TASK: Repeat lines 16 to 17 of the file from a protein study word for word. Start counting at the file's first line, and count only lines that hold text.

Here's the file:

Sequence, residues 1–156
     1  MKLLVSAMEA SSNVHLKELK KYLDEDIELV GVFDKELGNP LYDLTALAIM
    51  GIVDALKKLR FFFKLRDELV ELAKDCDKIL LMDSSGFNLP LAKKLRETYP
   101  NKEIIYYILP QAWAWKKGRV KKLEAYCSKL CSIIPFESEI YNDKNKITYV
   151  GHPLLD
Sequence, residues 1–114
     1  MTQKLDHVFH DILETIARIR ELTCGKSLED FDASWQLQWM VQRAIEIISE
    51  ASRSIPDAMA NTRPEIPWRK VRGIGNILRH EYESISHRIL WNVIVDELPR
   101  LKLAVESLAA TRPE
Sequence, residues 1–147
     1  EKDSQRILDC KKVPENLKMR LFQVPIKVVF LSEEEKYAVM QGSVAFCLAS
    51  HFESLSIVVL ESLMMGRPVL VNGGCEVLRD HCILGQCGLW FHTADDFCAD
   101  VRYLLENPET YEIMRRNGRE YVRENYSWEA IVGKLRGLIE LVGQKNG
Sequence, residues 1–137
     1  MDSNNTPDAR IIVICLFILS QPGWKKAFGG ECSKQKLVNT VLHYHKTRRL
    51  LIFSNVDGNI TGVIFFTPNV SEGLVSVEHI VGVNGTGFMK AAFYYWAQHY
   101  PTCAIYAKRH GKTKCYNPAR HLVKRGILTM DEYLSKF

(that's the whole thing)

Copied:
    51  LIFSNVDGNI TGVIFFTPNV SEGLVSVEHI VGVNGTGFMK AAFYYWAQHY
   101  PTCAIYAKRH GKTKCYNPAR HLVKRGILTM DEYLSKF